SOFTS-Raw sugar slips from 7-1/2 month peak

  • Reuters
  • Commodities News
SOFTS-Raw sugar slips from 7-1/2 month peak
Credit: © Reuters.

(Updates prices, adds details)

LONDON, Oct 20 (Reuters) - Raw sugar futures on ICE (NYSE: ICE ) slipped on Tuesday as the market consolidated after hitting a 7-1/2 month high in the previous session on uncertainty over the extent to which India might subsidise exports this season.

SUGAR

* March raw sugar SBc1 eased by 0.09 cents, or 0.6%, to 14.63 cents per lb at 1435 GMT, having touched a 7-1/2 month peak of 14.72 cents on Monday.

* Traders are concerned that supplies could tighten early next year, with top producer Brazil between crops and the possibility of limited exports from key supplier India if its subsidy policy is further delayed or cut back.

* "Subsidies involve considerable costs – public funds that could well be needed elsewhere during the corona crisis," Commerzbank (DE: CBKG ) said.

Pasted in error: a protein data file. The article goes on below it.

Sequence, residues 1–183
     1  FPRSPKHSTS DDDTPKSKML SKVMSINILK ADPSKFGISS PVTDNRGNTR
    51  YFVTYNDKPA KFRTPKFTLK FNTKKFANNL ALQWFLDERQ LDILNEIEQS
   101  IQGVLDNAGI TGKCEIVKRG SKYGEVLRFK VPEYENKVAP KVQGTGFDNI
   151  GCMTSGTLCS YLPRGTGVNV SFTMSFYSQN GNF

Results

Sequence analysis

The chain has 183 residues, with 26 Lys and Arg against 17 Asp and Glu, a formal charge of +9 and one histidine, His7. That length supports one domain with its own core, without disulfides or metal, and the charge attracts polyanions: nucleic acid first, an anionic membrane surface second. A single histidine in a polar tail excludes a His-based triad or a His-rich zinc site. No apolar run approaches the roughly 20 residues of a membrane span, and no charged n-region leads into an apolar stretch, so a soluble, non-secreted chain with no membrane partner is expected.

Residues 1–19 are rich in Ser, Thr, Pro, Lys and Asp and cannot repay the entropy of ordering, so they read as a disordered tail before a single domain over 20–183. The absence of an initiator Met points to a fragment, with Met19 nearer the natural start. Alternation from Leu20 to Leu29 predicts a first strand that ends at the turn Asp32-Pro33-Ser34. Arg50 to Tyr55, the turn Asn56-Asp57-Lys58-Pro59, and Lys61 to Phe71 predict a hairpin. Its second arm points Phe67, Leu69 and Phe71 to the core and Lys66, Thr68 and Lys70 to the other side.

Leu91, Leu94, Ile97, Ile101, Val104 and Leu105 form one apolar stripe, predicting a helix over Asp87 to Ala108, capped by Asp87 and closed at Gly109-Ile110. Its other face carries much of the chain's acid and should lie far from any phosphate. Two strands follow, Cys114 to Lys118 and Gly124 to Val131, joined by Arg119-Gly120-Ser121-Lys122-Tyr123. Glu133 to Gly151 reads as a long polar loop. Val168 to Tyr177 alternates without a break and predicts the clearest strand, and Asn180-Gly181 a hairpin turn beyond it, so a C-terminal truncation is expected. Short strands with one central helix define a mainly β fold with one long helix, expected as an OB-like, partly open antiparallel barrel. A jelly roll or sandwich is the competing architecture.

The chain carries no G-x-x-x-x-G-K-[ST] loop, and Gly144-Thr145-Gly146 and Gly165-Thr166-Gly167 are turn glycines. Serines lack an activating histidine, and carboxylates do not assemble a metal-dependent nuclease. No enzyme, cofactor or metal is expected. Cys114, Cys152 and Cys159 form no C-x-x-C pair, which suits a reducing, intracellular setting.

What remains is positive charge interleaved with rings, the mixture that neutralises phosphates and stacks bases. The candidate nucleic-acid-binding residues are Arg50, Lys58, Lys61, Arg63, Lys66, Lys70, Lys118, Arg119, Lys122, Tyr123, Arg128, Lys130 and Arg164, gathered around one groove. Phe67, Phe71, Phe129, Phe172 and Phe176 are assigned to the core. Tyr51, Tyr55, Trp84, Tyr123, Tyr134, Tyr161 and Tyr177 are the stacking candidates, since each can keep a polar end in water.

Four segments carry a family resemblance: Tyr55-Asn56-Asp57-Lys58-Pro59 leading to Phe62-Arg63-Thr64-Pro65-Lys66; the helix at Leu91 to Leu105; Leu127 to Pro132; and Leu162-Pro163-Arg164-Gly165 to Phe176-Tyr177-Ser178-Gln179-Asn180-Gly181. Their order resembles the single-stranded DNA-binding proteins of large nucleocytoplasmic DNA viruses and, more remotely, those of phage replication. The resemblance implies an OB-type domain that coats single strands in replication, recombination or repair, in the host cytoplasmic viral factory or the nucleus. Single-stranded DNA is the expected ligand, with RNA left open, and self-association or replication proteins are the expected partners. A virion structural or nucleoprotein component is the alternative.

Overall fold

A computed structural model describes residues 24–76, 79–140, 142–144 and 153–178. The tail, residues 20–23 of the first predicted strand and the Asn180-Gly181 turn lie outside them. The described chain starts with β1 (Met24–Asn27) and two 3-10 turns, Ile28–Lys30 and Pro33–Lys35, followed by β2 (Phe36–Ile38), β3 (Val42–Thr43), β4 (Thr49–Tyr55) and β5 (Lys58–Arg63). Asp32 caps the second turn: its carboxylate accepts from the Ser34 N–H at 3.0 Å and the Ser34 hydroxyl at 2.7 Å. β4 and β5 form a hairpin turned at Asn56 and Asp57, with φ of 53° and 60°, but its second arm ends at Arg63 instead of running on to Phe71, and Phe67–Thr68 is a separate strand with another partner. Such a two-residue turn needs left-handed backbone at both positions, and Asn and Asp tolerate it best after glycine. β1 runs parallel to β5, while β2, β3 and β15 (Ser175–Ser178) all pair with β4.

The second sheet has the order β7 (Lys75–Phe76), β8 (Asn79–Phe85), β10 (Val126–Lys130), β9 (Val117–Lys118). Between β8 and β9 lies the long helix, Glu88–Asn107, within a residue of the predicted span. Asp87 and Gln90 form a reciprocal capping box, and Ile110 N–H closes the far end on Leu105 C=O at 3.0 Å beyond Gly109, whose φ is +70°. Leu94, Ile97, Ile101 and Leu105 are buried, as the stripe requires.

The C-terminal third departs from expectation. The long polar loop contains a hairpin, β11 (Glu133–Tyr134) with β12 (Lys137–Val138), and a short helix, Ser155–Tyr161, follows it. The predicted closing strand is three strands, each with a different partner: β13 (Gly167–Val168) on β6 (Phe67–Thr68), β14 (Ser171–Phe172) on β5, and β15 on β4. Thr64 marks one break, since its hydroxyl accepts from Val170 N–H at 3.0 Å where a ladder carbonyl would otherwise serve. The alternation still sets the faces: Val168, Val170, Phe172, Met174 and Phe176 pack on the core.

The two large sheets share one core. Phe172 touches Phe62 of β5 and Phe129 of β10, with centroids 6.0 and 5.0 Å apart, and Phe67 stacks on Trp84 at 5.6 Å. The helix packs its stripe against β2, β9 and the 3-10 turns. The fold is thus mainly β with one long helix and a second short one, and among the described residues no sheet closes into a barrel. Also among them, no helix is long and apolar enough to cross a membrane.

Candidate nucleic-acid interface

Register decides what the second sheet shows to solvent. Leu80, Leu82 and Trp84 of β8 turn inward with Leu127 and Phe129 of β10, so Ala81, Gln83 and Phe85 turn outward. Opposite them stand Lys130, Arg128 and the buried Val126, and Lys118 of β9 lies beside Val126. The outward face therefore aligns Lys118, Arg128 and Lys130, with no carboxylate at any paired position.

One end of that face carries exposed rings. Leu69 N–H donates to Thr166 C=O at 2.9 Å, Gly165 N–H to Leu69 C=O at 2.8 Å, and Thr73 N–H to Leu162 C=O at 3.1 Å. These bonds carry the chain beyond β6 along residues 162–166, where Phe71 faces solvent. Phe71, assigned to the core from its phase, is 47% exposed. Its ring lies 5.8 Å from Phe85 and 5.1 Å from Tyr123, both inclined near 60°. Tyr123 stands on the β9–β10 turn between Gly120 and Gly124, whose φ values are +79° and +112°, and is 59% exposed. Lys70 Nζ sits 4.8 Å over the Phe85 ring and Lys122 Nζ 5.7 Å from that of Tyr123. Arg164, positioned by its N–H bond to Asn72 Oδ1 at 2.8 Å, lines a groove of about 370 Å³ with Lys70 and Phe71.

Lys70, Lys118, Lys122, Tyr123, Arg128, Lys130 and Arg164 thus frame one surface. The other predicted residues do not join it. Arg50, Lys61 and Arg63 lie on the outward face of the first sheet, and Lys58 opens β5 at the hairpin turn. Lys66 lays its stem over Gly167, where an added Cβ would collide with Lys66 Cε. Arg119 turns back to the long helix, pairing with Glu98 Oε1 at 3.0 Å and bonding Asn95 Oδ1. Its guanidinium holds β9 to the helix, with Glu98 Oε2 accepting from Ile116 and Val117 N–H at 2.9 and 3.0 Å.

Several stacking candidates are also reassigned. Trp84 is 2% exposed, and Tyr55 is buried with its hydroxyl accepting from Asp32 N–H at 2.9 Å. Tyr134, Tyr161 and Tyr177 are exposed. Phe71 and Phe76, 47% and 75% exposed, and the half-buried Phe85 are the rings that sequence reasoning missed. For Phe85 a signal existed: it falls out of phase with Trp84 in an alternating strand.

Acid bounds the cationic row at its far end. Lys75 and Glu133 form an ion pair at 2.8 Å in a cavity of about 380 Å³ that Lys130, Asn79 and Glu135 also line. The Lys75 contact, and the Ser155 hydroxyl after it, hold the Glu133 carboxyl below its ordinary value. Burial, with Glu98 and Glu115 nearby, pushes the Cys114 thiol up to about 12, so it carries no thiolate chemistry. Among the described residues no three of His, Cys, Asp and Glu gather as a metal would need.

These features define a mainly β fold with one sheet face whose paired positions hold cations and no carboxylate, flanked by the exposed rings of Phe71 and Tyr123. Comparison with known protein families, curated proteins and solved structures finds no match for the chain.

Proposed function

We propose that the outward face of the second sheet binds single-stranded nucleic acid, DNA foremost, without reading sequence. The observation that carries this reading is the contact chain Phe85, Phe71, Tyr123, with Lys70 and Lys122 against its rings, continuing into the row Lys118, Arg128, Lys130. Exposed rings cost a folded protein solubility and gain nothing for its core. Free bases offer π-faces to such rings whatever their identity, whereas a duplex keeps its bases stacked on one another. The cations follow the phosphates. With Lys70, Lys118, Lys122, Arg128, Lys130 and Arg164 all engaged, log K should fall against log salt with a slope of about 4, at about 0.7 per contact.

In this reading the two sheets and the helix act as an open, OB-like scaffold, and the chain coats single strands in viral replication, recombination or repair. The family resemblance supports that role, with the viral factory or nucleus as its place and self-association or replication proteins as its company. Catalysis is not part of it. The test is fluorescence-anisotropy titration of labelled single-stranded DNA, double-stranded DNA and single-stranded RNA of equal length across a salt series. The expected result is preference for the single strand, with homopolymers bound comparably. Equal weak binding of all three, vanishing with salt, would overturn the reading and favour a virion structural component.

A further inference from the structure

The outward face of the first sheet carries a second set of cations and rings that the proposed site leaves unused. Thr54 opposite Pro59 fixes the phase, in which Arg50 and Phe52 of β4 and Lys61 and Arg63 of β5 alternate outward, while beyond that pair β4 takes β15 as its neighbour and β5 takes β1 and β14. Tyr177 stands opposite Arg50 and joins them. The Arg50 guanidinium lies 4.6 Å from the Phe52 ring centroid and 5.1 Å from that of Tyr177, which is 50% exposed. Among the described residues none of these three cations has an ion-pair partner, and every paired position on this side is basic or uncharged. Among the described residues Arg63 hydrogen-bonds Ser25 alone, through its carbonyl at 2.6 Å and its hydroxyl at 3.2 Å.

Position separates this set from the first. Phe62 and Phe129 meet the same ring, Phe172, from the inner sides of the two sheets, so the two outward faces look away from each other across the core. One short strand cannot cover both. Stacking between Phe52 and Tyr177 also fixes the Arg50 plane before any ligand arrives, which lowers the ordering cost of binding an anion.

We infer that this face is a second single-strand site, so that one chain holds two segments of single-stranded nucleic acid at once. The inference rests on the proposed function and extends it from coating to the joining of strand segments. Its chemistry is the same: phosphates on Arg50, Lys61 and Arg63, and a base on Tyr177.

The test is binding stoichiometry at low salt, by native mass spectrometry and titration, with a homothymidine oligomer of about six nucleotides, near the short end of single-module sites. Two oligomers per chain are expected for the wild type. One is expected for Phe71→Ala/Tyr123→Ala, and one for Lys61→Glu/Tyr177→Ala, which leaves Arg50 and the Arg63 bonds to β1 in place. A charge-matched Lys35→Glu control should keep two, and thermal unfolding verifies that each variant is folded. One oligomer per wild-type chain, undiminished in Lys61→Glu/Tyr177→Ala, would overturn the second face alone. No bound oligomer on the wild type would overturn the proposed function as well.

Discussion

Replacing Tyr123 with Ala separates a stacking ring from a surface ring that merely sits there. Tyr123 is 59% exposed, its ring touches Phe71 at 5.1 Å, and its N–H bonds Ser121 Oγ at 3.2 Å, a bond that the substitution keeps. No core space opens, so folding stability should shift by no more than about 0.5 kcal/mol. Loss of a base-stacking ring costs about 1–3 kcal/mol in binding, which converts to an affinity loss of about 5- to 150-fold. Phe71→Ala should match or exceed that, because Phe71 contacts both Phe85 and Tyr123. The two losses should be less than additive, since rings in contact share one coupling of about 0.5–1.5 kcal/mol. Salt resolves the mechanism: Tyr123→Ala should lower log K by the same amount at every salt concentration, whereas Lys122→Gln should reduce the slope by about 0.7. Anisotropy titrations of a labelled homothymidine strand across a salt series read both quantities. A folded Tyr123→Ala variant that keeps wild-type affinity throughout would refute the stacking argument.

* All the same, market gains have been driven mostly by fund buying and dealers note that they have a very large long position and could soon grow circumspect about further buying.

* Egypt has more than 1 million tonnes of sugar reserves, sufficient for more than four months, the agriculture ministry said. December white sugar LSUc1 fell $2.90, or 0.7%, to $400.30 a tonne.

COCOA

* March London cocoa LCCc2 fell 17 pounds, or 1%, to 1,656 pounds a tonne, holding above the eight-week low of 1,627 pounds set on Friday.

* Rising tensions in top grower Ivory Coast ahead of next week's presidential election are underpinning cocoa, though benign weather in the country's cocoa-growing regions bodes well for the current crop and could weigh on prices. December New York cocoa CCc1 ​​was down $30, or 1.2%, at $2,395 a tonne.

COFFEE

* December arabica coffee KCc1 fell 1.9 cents, or 1.7%, to $1.0415 per lb after hitting its lowest in nearly three months at $1.04.

* Concerns over dry weather in top producer Brazil have receded of late, while demand for arabica remains weak because of a slow reopening of coffee shops and restaurants as the COVID-19 pandemic continues.

* Arabica is also under pressure from strong sales out of Brazil against the backdrop of a weak currency and a record crop, while offers from Central America are starting to rise, dealers said.

* Uganda's September coffee exports rose 40% year on year. January robusta coffee LRCc2 fell $11, or 0.8%, to $1,293 a tonne.

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